|If constexpr is for performance elevating, why not using it always? For instance, for all functions?!|
It is a bit more specific to qualify that constexpr is able to improve performing by performing calculation at compile time. From a user's perspective executing the resulting application, nothing is faster than what was already done before they even started the application.
It is also a descriptive decoration, much like an adjective.
As such, it shouldn't be used everywhere that the description does not apply. A function which can't possibly be evaluated at compile time should not be declared constexpr on the hope somehow it might be at some point, or that the declaration as constexpr would be harmless if it were not. The human reader would, unless some careful reading were applied, assume that a constexpr declaration has at least some chance of being evaluated at compile time, and that it was the intent of the author to take advantage of that. If the underlying function can't possibly be constexpr, it would be like applying the adjective "happy" to everything being said, even when it didn't apply.
In some ways one might say that the constexpr keyword isn't even necessary from the viewpoint of optimization. Most good optimizers recognize when expressions happen to evaluate at compile time and avoid emitting run-time code in such situations anyway.
However, it's use allows the compiler to "recognize" the author's intent to rely upon some expression forms which are potentially evaluated a compile time, and write code that can make that assumption where appropriate. Optimizers themselves are far removed from what we write, and should be, but here we have a keyword which brings such a concept within reach of the code consuming a constexpr, giving rise to author controlled (or at least requested) compile time computation by intent.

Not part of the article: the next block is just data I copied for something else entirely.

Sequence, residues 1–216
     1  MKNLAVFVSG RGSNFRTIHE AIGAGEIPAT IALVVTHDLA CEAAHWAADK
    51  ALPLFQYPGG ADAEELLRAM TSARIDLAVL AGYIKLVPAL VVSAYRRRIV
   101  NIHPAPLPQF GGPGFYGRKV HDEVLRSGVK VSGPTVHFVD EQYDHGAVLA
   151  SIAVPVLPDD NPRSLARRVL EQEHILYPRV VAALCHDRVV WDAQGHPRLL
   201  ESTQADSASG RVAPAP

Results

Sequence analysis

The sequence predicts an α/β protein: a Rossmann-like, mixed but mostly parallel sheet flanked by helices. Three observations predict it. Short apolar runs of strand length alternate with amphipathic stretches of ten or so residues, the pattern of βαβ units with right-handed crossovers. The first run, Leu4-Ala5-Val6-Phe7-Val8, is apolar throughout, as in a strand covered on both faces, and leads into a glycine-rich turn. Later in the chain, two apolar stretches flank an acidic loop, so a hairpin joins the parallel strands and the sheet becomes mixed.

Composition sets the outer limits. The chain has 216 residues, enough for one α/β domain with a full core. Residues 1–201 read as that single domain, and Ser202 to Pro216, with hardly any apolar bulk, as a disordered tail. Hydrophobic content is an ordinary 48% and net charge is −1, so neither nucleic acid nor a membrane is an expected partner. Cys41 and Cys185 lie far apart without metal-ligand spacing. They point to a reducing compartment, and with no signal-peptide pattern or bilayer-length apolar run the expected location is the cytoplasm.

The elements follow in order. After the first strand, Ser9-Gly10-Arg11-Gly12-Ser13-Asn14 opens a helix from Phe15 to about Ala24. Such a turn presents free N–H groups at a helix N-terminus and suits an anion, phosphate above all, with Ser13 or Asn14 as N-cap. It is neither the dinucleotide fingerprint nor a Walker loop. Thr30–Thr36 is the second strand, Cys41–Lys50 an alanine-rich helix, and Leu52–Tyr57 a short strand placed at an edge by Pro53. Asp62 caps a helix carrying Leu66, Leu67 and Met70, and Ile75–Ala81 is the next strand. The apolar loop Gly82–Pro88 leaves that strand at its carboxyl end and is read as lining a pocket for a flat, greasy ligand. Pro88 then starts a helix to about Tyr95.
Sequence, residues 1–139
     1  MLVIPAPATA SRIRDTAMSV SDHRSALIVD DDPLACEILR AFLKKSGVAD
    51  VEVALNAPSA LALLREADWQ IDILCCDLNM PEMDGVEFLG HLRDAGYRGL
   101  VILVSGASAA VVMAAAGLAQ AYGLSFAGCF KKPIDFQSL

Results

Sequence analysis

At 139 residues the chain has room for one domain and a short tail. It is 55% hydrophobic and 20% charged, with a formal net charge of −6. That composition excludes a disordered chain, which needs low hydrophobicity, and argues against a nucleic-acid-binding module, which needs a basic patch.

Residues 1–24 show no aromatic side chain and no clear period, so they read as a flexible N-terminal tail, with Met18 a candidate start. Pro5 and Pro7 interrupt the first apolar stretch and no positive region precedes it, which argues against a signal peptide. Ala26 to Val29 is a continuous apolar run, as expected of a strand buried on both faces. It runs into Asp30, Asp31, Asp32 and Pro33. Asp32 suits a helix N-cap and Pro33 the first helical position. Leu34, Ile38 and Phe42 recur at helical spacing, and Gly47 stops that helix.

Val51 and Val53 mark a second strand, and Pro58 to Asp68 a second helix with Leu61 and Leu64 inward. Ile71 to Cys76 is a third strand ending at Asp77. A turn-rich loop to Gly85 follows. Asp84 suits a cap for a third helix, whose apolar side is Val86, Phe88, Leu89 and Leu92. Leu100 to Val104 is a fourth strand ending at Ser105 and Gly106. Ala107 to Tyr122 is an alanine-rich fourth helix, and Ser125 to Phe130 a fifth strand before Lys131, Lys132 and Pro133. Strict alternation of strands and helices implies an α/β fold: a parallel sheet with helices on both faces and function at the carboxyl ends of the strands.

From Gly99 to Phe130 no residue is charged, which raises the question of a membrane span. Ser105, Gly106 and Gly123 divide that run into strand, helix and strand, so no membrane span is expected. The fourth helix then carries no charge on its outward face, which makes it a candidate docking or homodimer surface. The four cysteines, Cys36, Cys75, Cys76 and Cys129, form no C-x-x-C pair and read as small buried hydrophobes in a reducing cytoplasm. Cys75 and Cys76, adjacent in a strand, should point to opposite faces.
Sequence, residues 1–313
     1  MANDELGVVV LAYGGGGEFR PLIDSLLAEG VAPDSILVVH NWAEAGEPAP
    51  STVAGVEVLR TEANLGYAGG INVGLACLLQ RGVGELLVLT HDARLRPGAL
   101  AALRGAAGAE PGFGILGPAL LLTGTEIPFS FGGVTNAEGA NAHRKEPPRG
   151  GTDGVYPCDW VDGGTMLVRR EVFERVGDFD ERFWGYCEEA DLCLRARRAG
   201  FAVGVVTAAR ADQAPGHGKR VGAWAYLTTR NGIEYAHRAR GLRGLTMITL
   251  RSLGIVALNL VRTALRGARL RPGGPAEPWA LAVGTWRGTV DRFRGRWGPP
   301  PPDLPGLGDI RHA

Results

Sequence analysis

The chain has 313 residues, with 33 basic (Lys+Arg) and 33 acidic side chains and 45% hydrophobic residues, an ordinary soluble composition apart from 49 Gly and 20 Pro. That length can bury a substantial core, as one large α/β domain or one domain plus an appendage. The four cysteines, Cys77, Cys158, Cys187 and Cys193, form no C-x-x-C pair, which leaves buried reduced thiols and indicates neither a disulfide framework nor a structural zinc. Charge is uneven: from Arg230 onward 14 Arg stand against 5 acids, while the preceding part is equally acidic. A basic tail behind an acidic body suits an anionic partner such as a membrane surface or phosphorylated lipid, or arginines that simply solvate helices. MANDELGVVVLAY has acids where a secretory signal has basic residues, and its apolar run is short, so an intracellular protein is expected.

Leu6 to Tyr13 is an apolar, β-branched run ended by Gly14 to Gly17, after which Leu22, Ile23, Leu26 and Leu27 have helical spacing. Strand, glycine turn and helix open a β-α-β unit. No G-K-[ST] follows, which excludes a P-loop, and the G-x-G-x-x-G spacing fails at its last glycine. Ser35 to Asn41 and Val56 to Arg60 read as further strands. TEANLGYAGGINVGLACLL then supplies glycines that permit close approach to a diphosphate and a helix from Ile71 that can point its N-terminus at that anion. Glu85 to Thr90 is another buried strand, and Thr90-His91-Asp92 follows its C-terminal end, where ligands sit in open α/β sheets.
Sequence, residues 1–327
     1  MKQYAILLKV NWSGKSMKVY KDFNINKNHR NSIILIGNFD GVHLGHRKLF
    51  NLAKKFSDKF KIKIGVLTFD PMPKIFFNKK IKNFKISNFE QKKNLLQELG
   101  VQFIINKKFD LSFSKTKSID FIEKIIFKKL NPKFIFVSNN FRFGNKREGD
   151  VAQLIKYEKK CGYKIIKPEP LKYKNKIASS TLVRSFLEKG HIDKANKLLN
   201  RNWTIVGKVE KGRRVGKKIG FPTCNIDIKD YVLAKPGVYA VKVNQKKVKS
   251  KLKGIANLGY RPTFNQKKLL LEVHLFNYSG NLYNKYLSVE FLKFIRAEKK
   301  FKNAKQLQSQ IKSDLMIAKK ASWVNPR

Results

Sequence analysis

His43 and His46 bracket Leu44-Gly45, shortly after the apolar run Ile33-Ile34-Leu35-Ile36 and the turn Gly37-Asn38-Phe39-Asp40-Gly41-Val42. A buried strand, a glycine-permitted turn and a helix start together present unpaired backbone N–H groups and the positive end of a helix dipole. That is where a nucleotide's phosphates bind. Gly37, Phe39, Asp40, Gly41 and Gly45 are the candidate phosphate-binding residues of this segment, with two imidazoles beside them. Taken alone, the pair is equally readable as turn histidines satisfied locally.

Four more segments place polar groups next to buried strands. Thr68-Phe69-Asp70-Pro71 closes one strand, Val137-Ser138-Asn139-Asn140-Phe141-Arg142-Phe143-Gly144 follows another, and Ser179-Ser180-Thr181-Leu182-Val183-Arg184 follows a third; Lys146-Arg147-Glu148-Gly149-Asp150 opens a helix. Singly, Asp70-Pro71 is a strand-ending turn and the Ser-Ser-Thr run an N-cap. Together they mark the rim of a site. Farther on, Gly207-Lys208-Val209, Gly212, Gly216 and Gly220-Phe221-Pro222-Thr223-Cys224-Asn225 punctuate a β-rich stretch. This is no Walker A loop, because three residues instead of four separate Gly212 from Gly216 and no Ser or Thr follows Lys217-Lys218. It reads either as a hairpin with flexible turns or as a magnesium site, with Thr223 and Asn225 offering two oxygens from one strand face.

In some ways this mimics the reality behind "inline", another "performance elevating" keyword, which has an otherwise not to well recognized meaning. The "inline" keyword is almost unnecessary from the viewpoint of optimization. It is often even ignored by the compiler, giving rise to frustration when this is recognized. However, the "inline" keyword is as much about informing the linker that duplicate functions are to be expected (and warnings not issued) because the function was written in a header "inline" and not explicitly compartmentalized into a translation unit (CPP file). That is it's primary purpose, not the hint that the emitted machine code should skip a function call.
The optimizer will "skip" function calls by inline code whenever it is possible (and configured to do so), with or without the "inline" keyword.
This is much the same with respect to your thinking about sprinkling "constexpr" everywhere - it really wouldn't elevate performance any more than good optimizers do anyway. Like the "inline" keyword informing the linker to ignore the duplicate appearances of functions in the build, the "constexpr" keyword is less about the optimized output and more about whether or not what we write can use an expression with compile time evaluation within the knowledge of the human author, and the features of the language - a stage far ahead of and before optimization of the final product.